We’ve dedicated four issues in 2009 to our Fundraising 101 series, which we hope will offer a solid look at some of the more fundamental issues involved in nonprofit fundraising. We start this month with a look at direct mail. In April, we tackle acquisition; in June, it’s special efforts, including monthly giving, lapsed donors, capital campaigns and planned giving; and, finally, we look at
e-philanthropy in October.
Whether you’ll be reading as a fundraising newbie looking for some entry-level guidance or as a seasoned professional looking for a refresher course to smooth the waters in this tough economic climate, we hope you’ll find these special reports immensely helpful.
PACKAGE OF THE YEAR Gold: Habitat for Humanity International Special Development Appeal (Craver, Mathews, Smith & Co.) Silver: Rhode Island Community Food Bank Annual Review Brochure (DaVinci Direct) Bronze (Tie): Tuskegee Airmen — Charles McGee Campaign (Fundraising Strategies) CARE November/December World Report (Merkle) ACQUISITION (50,000 OR MORE MAILED) Gold: Utah Food Bank 2007 Thanksgiving Donor Acquisition (L.W. Robbins) Silver: Wildlife Conservation Spring 2007 Acquisition (Schultz & Williams) Bronze: Mail Call Hurts (Gum Version) (Fundraising Strategies) ACQUISITION (FEWER THAN 50,000 MAILED) Gold: Tuskegee Airmen — Charles McGee (Fundraising Strategies) Silver: Bidawee “Welcome” (SCA DIrect) Bronze: Adaptive Clothing Gift Tag Package (Fundraising Strategies) RENEWAL (50,000
There’s a lot to be said about failure. Mainly that it stinks. No, seriously — failure helps you appreciate success a little more, right? And on a less existential level, it can teach you a lot about what not to do next time around. That’s no more apparent than in the world of direct-mail fundraising efforts. And from what we hear, it happens to the best of them. So to prove you’re not alone when one of your ideas isn’t as all-fire successful as you had hoped, here are a few failure stories from fundraising pros. Hear Ye, Hear Ye … Don’t Traumatize Your
“When everybody loves the package, it’s probably going to fail. Never go ‘outside the box’ without first testing a small cell, and make sure an established winner carries the fundraising load. … But of course, don’t stop pushing the limits. You have to learn from your mistakes. And if you never bomb, you’re probably not pushing hard enough.” — Steve Maggio, president, DaVinci Direct, in the article, “From the Ashes,” appearing in the April edition of FundRaising Success.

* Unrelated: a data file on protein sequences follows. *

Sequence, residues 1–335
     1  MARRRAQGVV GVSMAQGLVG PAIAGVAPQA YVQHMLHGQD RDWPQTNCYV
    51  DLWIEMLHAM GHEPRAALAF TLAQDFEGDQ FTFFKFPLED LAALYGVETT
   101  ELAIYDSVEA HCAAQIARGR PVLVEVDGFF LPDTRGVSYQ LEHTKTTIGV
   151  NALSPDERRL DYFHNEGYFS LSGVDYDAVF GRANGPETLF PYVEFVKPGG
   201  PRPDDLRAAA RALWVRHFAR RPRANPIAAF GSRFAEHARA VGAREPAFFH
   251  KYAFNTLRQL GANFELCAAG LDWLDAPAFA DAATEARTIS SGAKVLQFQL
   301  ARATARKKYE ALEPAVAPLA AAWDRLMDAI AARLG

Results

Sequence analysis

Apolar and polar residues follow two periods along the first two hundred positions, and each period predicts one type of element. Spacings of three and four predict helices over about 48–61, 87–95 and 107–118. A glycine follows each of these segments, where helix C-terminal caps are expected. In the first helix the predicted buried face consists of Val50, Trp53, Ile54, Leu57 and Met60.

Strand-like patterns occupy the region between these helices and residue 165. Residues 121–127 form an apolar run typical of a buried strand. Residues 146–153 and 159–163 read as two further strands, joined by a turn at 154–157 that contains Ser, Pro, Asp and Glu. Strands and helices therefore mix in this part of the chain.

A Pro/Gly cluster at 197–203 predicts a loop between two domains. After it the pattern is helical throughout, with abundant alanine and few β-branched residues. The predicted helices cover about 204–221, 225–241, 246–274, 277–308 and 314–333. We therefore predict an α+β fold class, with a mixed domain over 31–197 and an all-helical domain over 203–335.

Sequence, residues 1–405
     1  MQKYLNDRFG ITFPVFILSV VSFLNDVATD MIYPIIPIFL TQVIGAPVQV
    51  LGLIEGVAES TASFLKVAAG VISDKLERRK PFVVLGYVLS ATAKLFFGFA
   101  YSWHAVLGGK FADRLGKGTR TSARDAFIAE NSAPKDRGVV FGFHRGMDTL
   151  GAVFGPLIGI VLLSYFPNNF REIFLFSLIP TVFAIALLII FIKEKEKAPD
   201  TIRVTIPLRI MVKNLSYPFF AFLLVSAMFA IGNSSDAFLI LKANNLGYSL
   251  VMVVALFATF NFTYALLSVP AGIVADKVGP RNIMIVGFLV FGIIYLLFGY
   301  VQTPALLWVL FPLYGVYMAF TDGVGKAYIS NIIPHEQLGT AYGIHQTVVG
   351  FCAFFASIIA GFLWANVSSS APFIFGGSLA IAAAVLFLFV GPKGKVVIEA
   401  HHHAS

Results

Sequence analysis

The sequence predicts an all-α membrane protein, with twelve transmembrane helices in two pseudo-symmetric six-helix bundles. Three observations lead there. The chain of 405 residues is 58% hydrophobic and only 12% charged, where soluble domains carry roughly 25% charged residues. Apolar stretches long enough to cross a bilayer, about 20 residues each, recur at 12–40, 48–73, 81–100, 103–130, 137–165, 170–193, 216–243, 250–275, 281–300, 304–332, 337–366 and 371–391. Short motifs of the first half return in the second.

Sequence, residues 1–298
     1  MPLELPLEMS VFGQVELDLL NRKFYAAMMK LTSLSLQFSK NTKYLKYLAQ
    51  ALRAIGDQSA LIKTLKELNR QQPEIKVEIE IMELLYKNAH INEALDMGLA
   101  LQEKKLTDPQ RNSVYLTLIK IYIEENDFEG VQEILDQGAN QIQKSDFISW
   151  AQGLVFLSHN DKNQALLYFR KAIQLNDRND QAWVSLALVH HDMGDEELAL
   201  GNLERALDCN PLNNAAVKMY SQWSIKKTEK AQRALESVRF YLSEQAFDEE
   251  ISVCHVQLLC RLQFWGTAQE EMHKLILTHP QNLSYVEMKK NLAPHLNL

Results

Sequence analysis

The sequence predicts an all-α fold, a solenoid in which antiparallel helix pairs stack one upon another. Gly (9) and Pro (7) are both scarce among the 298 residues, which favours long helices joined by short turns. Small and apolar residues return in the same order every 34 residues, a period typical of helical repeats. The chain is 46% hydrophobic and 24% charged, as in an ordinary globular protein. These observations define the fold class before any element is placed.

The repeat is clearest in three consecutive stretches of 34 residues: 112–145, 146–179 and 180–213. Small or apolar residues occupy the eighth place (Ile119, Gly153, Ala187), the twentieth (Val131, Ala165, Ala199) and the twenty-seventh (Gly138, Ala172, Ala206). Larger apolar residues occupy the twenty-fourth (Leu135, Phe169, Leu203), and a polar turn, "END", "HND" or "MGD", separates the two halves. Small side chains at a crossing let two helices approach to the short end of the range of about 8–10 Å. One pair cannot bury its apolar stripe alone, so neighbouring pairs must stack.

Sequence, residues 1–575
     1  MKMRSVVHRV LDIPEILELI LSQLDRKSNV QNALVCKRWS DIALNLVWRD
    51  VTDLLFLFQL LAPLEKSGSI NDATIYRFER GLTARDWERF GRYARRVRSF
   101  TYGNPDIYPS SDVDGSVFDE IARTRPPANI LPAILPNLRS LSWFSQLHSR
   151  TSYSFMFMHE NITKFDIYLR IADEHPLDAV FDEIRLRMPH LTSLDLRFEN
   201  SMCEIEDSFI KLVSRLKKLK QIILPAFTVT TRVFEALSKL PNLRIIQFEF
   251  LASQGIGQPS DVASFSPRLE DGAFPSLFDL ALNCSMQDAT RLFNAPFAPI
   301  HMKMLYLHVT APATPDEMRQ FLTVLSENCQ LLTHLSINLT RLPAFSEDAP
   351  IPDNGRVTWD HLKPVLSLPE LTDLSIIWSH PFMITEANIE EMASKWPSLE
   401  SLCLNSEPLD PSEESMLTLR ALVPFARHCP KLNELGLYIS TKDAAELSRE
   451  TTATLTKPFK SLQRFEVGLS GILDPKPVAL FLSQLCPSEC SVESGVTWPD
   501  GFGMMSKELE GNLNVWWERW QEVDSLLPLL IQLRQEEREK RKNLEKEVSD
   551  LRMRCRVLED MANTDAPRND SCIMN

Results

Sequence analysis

For this week’s Advisor, FS asked a number of agencies and other companies that serve the nonprofit fundraising sector for tips on making the most of the client/vendor relationship. Here are some more of their thoughts. “1. Treat your agency like a partner, not a vendor. 2. Invest in testing. 3. Share and discuss all data as a team to drive strategy. 4. Hire the best you can find and then trust them, based on past performance. 5. Be willing to take calculated risks in order to achieve creative breakthroughs.” — Steve Maggio, president and chief creative officer, DaVinci Direct (www.davinci-direct.com) “Consider [your
Ah … it was a great run. But a tricky one. For the past few years, I’ve been wrestling with the challenge of letting FundRaising Success Senior Editor Abny Santicola do her thing without the rest of the Target Marketing Group catching on to how fabulous she is.
Wow! Who ever thought the Gold Awards could be so exciting? The sun was setting on judgement day, and we had a tie for Package of the Year. A first! So, I polled our four judges — Steve Froehlich, director of development analytics at the ASPCA; Tim O’Leary, vice president of McPherson Associates; Paul Bobnak, director of North American Publishing Co.’s Who’s Mailing What! Archive; and FS Senior Editor Abny Santicola. After some soul searching and spirited debate, they weighed in: two for one package and the other two for the other package.
Remember the old days, before Al Gore invented the Internet? Direct mail was king in the direct-response fundraising world. Then came the Web and the predictions that it would dominate all other media, making books, magazines and newspapers obsolete. And, oh yes, direct mail was on its way out.
Breakthrough creative. Everyone wants it. Few achieve it. If you’re on the client side and want to get the most out of your creative partners, here are a few tips on how to play the muse to your creative team. 1. Provide useful background In the “olden days” before the Internet, I used to ask all new clients for annual reports, articles, press releases, direct-mail samples and other printed materials to get a feel for the mission, tone and voice of the organization. Today, much of that background information is available online. It’s generally a good thing, but only if the client Web
As we gathered information for last month’s special section on e-philanthropy, we spoke to a number of folks whose comments didn’t make it into print. Following is a sampling of those comments. Some came from our own interviews, while others (marked accordingly) were in response to Katrin Verclas’ request for comments from members of the Nonprofit Technology Enterprise Network, of which she is the executive director. — M.B.